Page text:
So what is it?
The third strategy, guided discovery, has many similarities with instruction in that it is very much a structured and facilitated process, but it follows a very different sequence of events.
While instruction moves from theory to practice, from the general to the specific, guided discovery starts with the specific and moves to the general. It is an inductive process – it leads the learner towards insights and generalisations, rather than providing them on a plate. Because this process is much less certain and predictable, guided discovery rarely has specific learning objectives – every learner will take out of the process something unique and personal. What they take out will depend not only on the insights they gain from the particular learning experience, but also to a great deal on their prior knowledge and previous life experience.
How about some examples?
Guided discovery can take many forms – experiments in a laboratory, simulations, scenarios, case studies or team-building activities. In each of these cases, the learner is presented, alone or in a group, with a task to accomplish. Having undertaken that task, the learner is then encouraged to reflect on the experience – what went well, what less well? How could the successes be repeated and the failures avoided? The conclusions can be taken forward to further exercises and then hopefully applied to real-world tasks.
Guided discovery can also take place in a more informal, on-job setting. A good example is coaching. The coach helps the learner to reflect on their real-world experiences, gain insights and make new generalisations that can be tested out on future tasks. The coach’s job is not so much to give advice but to challenge, support and encourage the learner as they come to their own conclusions. Job rotation and job enrichment, both of which seek to provide the employee with new job challenges, can also be regarded as examples of guided discovery.
When should I use it?
Less confident, dependent learners should be comfortable with guided discovery, as long as the process is carefully structured and facilitated, and does not leave them floundering. What is more important is that the learner should have enough knowledge and experience of the subject matter or the situations underlying the learning activity that they can make a reasonable attempt at completing the task – you can’t build on prior knowledge if you don’t have any.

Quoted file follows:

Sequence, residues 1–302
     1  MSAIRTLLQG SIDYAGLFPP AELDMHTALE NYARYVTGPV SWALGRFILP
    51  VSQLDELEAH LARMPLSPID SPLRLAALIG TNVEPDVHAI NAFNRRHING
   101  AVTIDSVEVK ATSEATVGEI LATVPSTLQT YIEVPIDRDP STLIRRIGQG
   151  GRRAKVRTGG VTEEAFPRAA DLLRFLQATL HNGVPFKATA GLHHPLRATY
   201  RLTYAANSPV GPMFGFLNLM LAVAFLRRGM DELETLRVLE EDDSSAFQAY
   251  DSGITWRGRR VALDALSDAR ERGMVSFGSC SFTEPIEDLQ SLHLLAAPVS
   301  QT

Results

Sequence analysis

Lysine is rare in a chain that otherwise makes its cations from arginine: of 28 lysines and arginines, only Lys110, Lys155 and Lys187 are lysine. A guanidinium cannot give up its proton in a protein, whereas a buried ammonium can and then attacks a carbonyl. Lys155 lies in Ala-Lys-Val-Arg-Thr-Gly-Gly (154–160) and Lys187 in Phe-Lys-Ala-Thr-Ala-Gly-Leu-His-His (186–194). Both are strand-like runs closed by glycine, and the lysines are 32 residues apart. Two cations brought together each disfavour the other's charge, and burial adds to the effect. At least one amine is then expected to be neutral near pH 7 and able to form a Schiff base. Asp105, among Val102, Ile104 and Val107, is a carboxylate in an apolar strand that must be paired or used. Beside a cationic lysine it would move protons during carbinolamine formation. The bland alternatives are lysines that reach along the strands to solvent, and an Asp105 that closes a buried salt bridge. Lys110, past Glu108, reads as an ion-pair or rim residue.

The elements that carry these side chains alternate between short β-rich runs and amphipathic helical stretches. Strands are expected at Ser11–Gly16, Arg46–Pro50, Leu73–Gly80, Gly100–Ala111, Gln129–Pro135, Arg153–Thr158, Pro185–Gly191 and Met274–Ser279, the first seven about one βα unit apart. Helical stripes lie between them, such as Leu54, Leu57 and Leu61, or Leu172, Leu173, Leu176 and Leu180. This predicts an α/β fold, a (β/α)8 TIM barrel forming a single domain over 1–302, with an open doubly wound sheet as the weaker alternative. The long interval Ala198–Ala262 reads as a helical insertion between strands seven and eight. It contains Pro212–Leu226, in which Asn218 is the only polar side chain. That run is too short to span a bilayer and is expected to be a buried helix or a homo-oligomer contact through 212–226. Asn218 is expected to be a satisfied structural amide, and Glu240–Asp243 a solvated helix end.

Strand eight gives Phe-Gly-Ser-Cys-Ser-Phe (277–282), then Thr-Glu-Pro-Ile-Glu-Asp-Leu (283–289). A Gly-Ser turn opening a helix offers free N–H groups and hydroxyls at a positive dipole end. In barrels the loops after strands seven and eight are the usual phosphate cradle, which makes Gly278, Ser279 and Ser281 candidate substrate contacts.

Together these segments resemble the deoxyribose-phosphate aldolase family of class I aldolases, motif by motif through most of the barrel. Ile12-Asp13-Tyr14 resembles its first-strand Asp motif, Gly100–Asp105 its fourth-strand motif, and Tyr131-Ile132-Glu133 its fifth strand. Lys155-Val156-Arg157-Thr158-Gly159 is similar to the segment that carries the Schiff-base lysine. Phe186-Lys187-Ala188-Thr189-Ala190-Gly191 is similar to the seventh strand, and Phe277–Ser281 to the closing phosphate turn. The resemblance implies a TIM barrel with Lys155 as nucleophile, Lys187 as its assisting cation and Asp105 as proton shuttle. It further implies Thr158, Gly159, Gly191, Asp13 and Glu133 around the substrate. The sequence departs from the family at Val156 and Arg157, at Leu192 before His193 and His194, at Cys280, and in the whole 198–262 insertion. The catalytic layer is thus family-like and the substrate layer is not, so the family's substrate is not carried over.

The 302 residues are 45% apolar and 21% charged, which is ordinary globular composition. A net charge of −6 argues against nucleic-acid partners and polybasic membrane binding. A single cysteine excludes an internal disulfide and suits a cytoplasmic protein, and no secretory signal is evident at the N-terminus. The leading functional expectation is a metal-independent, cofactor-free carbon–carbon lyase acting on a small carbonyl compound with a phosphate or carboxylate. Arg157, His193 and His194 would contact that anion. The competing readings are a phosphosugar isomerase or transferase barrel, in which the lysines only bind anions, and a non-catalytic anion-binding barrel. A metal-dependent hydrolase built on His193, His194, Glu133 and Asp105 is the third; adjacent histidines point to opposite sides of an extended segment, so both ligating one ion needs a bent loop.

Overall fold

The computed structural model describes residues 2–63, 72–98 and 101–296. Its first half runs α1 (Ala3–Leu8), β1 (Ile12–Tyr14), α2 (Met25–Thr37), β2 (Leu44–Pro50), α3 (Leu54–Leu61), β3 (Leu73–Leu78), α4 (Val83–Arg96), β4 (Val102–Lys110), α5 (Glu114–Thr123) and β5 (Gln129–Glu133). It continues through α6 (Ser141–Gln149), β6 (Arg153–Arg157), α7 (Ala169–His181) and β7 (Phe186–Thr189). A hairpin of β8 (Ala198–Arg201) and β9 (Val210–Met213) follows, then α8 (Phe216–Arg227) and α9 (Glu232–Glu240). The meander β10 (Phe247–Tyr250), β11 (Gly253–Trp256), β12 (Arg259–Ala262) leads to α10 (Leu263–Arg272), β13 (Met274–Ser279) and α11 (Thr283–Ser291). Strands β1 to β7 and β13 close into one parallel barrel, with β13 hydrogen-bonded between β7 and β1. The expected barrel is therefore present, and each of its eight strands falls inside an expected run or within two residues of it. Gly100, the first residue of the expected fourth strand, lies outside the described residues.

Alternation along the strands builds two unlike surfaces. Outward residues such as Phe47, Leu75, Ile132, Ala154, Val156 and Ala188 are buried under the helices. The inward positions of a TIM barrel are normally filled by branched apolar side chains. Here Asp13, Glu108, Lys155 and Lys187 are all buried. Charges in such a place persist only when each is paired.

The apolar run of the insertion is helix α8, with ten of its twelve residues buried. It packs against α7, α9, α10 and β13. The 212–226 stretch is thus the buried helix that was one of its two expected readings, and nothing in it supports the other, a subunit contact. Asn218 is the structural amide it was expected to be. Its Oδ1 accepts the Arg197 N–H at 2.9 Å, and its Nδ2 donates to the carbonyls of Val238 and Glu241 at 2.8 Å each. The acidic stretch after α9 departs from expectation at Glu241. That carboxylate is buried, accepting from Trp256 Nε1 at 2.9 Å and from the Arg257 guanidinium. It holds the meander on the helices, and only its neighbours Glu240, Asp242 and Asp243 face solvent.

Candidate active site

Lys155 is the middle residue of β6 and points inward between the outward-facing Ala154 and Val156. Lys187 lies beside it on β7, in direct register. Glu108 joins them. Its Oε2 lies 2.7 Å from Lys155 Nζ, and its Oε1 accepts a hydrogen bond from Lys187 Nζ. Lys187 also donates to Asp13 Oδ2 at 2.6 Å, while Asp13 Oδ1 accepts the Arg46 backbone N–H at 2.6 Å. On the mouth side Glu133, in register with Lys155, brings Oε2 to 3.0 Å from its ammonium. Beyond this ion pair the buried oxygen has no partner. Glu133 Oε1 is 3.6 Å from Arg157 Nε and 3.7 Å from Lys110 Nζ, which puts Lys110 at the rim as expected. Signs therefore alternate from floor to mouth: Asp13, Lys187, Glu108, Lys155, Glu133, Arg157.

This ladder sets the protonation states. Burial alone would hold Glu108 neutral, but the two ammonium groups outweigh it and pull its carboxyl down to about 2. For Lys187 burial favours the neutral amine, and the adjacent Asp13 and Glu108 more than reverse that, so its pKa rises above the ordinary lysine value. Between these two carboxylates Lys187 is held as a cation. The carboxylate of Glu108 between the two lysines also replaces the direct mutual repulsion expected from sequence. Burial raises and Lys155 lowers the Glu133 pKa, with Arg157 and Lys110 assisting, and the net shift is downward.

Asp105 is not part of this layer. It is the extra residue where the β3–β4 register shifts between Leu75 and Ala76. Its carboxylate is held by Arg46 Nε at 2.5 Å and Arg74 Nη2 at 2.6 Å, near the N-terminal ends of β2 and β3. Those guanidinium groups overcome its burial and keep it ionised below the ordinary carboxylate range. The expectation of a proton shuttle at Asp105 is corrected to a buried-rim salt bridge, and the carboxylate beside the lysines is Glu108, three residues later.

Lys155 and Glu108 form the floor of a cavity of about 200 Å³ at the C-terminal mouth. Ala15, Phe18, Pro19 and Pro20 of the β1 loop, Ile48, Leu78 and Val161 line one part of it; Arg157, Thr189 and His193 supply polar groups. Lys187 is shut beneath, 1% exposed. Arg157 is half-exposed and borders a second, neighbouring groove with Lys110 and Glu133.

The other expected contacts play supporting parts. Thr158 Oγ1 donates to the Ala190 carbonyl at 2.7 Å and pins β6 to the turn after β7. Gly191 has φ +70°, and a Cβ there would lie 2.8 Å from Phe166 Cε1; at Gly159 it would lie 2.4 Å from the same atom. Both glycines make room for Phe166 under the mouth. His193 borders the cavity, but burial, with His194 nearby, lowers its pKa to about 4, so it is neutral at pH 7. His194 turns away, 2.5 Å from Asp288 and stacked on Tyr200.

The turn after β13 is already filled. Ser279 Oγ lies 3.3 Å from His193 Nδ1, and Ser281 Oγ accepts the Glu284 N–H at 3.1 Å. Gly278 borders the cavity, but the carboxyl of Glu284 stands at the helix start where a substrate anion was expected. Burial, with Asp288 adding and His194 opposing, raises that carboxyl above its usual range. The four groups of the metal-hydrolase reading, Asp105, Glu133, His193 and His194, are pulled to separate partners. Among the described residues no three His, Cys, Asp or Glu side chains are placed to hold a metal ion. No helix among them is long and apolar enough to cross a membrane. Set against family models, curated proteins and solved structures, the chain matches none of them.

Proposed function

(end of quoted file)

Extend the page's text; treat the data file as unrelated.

Guided discovery requires careful design and facilitation:
- The tasks that learners are set must be carefully designed to draw out key issues that are meaningful to the learner’s job.
- The tasks should be challenging but must not seem unachievable.
- The learner must be able to relate to the issues raised by the task.
- The learner should not feel they are being manipulated into taking a position that they do not really believe in.
- Ideally the learner should be able to experiment with different approaches without fear of criticism.
- The facilitator (should there be one) should resist the temptation to give advice unless their expertise is called upon by the learner.
Guided discovery works best when the topic is less black and white, when successful performance depends on making judgements in a wide variety of situations. When poorly designed and facilitated, discovery learning will seem pointless, perhaps even manipulative; well managed and the result could be much deeper learning. As Carl Rogers once warned us, “Nothing that can be taught is worth learning.”
Move on to the next strategy: exploration
You’ve read them all. So what now?